Kelly Armstrong’s campaign released poll results to selected friendly outlets today. The poll, paid for by his campaign and conducted by Axis Research, shows he has passed 50% and leads his opponent Mac Schneider. The results may have been released today, but I’ve heard about this poll as it was being conducted. Participants felt compelled to contact me following the survey. According to their accounts, to say the poll was misleading at times and slanted in Armstrong’s favor would be an understatement.
Polling is a tricky thing. The breakdown of participant demographics, method of conducting the poll, how questions are worded, and what prefaced the questions can sway the outcome. In some instances, all or some of this is chosen strategically to get the outcome the person paying for the poll wants. In this case, Armstrong’s campaign paid for the poll.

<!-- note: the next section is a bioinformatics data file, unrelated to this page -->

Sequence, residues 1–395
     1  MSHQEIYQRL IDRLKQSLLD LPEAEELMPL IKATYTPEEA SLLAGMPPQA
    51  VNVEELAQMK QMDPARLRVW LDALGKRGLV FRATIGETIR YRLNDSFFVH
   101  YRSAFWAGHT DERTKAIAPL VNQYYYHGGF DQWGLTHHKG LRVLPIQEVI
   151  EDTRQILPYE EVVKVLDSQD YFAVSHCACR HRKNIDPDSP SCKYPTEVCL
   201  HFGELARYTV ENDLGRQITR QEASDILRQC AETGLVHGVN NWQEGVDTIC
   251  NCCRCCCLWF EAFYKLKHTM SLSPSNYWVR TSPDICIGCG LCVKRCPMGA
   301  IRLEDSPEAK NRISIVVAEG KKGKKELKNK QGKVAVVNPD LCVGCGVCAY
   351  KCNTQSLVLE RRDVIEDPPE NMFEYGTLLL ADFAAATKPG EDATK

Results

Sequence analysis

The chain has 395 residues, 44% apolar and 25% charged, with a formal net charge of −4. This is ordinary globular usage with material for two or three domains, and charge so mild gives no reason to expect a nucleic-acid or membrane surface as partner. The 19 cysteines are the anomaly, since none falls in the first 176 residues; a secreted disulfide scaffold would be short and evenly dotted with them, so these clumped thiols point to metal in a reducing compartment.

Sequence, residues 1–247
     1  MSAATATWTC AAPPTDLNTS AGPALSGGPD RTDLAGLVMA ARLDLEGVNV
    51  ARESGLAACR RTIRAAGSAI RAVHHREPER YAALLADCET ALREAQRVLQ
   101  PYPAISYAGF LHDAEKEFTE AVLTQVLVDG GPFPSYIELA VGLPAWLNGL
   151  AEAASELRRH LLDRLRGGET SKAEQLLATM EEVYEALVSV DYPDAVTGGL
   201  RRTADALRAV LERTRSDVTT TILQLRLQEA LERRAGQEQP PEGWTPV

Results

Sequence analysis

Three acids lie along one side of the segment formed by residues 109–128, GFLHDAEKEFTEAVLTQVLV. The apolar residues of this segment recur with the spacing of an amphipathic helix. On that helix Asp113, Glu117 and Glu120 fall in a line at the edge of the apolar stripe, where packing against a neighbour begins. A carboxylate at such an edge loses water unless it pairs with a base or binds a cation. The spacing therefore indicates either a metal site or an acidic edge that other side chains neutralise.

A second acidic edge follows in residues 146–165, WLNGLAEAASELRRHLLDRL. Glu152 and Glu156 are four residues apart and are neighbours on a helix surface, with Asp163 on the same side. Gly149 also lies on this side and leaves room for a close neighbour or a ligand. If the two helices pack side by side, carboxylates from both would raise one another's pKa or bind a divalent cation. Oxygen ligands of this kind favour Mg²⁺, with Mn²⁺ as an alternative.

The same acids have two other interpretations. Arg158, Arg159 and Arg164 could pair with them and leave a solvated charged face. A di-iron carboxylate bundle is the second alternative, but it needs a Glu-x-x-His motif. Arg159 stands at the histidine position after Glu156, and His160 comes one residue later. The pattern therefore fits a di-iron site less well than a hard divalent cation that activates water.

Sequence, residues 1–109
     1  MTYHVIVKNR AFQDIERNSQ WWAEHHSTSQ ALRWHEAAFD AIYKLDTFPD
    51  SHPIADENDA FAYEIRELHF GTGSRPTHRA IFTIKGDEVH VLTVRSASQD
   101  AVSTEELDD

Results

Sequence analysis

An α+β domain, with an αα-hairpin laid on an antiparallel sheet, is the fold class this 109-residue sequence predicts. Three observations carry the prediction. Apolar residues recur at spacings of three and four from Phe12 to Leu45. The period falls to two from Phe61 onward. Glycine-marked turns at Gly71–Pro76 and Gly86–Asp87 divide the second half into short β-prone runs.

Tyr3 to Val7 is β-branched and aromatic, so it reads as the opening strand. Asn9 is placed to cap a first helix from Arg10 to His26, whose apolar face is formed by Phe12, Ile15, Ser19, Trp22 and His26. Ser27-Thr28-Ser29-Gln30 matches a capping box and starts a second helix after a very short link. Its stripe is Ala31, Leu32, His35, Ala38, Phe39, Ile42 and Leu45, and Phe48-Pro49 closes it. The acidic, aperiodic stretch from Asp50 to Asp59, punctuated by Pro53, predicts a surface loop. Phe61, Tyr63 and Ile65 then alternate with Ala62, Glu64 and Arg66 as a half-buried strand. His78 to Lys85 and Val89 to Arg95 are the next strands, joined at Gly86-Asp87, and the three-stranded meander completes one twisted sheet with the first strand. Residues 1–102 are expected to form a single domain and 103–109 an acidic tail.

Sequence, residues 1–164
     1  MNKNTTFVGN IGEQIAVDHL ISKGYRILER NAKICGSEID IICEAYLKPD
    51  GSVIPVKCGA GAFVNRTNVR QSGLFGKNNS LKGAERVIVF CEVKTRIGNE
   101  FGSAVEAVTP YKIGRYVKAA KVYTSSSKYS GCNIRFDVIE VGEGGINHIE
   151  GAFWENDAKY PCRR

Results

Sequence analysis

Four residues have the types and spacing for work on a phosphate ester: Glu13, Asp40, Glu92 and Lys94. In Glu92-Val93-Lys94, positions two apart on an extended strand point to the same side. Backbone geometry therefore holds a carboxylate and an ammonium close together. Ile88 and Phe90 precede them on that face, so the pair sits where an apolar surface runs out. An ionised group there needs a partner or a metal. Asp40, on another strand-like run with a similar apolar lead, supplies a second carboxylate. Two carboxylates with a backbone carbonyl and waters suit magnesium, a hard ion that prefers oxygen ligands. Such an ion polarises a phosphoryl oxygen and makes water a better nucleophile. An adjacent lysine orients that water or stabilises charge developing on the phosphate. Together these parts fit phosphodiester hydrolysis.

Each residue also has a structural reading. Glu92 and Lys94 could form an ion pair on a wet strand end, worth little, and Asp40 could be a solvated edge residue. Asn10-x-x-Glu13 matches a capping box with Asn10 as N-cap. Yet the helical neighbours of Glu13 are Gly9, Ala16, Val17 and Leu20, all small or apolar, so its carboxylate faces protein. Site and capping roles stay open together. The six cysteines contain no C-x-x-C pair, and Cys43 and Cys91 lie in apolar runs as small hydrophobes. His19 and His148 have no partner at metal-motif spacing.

What was made abundantly clear to me by participants was the inclusion of negative messaging towards Schneider in this same poll. One participant described it as “the most blatant push poll” they had ever taken. According to those who took the poll, the usual suspects of Clinton and Pelosi were thrown in, descriptions of “conservative” and “liberal”, hot-button social issues, and “strong border” were included. Testing negatives on your opponent isn’t uncommon but it leads to suspicion of the selected outcome that was strategically made public.
The question about this poll is whether they tested the head-to-head of Armstrong and Schneider before or after they used the negative messages on Schneider. If the result Armstrong released was the head-to-head after the strategically used talking points and negative messaging then the outcome is very suspect. If that is the case then the race is closer than this poll indicates. One way to clear it up and build trust in the result, Armstrong’s campaign could release the whole poll including what and how the questions were asked.